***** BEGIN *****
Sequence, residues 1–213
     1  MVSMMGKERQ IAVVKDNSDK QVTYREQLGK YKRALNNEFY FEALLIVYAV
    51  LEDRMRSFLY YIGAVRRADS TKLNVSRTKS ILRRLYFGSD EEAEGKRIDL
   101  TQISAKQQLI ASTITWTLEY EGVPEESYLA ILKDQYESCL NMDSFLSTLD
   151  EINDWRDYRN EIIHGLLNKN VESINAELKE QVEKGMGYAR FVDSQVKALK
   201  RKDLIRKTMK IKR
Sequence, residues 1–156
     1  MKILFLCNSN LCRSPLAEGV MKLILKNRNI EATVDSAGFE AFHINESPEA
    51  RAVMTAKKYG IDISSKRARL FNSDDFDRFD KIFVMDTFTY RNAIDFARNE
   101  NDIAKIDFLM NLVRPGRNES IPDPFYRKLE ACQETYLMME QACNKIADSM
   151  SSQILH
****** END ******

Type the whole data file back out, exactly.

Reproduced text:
Sequence, residues 1–213
     1  MVSMMGKERQ IAVVKDNSDK QVTYREQLGK YKRALNNEFY FEALLIVYAV
    51  LEDRMRSFLY YIGAVRRADS TKLNVSRTKS ILRRLYFGSD EEAEGKRIDL
   101  TQISAKQQLI ASTITWTLEY EGVPEESYLA ILKDQYESCL NMDSFLSTLD
   151  EINDWRDYRN EIIHGLLNKN VESINAELKE QVEKGMGYAR FVDSQVKALK
   201  RKDLIRKTMK IKR
Sequence, residues 1–156
     1  MKILFLCNSN LCRSPLAEGV MKLILKNRNI EATVDSAGFE AFHINESPEA
    51  RAVMTAKKYG IDISSKRARL FNSDDFDRFD KIFVMDTFTY RNAIDFARNE
   101  NDIAKIDFLM NLVRPGRNES IPDPFYRKLE ACQETYLMME QACNKIADSM
   151  SSQILH